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Tsiolkovsky Rocket Equation (wikipedia.org)
17 points by simonebrunozzi on Sept 21, 2020 | hide | past | favorite | 1 comment

Tsiolkovsky's equation, Newton's laws of motion, the second law of thermodynamics, and special relativity just about answer Fermi's question ("where is everybody?") by themselves.

Newton 1: to accelerate in space, you have to (continually) eject mass in the opposite direction.

Tsiolkovsky: In space, you have to carry the mass you eject with you, so you need to eject more mass to accelerate the mass you're going to eject later. So you need to carry that too. And don't forget the mass you'll eject slowing down at your destination!

Newton again: Perhaps you could cut down the mass you need to eject by accelerating it to really high speeds.

Newton 2: The power required to accelerate the ejected mass goes up with the square of its final velocity. But your acceleration only goes up linearly with exhaust velocity. Tough.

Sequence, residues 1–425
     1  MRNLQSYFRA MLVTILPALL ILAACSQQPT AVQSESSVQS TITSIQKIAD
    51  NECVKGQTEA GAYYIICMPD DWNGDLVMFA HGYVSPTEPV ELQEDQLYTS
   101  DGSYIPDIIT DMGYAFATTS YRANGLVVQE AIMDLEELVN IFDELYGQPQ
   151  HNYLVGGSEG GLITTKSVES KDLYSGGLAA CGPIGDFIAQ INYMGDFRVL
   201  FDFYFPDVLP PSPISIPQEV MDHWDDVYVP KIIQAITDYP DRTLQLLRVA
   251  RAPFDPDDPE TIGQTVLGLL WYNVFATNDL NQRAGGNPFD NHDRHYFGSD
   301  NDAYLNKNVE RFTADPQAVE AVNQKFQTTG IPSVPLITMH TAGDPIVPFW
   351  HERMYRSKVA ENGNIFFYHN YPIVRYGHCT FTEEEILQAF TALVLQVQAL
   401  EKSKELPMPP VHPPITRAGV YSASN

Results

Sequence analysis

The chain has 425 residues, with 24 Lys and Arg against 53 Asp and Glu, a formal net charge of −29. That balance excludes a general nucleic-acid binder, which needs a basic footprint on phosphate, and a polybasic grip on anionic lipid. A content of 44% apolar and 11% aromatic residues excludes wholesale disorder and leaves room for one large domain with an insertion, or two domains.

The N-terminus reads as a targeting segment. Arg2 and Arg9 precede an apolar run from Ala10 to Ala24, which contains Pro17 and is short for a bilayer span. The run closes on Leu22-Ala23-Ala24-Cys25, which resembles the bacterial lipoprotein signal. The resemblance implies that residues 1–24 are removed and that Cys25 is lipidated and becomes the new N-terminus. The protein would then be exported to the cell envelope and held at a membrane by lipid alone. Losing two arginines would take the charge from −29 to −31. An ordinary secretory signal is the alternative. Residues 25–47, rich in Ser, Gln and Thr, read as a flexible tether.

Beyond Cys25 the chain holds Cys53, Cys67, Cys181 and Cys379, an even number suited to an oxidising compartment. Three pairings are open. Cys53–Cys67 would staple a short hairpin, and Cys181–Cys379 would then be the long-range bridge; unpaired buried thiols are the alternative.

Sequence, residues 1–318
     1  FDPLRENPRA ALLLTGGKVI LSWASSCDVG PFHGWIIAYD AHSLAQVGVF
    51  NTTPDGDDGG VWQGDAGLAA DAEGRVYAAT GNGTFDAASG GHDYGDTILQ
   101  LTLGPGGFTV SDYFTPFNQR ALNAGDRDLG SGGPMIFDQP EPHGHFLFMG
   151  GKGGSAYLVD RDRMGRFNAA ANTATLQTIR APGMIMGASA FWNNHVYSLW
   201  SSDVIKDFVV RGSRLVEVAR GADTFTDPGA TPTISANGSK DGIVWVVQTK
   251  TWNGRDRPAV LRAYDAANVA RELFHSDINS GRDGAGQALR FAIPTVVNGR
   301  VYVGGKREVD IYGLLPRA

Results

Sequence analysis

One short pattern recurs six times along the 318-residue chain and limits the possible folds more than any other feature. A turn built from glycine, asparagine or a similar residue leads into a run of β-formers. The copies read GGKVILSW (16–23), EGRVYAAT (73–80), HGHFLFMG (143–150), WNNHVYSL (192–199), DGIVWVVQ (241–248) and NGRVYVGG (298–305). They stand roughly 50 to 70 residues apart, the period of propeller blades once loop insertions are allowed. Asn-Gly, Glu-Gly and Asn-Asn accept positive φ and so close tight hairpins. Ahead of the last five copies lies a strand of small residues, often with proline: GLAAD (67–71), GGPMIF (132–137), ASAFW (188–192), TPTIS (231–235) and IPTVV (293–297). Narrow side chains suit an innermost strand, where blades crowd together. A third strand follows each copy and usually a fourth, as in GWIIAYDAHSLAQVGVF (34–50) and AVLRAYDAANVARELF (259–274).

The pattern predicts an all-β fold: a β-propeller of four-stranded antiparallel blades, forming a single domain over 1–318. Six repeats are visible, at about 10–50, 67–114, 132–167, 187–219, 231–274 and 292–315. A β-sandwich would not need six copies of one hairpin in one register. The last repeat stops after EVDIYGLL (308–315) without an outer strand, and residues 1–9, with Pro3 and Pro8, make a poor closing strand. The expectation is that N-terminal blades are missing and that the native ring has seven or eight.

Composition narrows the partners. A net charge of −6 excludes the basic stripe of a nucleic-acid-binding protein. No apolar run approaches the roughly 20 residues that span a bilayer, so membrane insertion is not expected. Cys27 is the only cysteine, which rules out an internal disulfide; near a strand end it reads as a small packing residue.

Special Relativity: Ahem, actually sub-linearly. And there's a hard limit, which is pretty low.

Thermodynamics: your mass ejection system has to generate power to accelerate the ejected mass. Some of that power will be lost to the rest of your spacecraft because nothing can be 100% efficient. Your spacecraft will melt if you try to go too fast.

Interjection by Cosmology: hey, don't forget everything is a really long way apart (Special Relativity is really limiting that way), and there's invisible nasty stuff in between the places you want to go.

Wannabe interstellar travelers: Hmm. We'll just build big telescopes.

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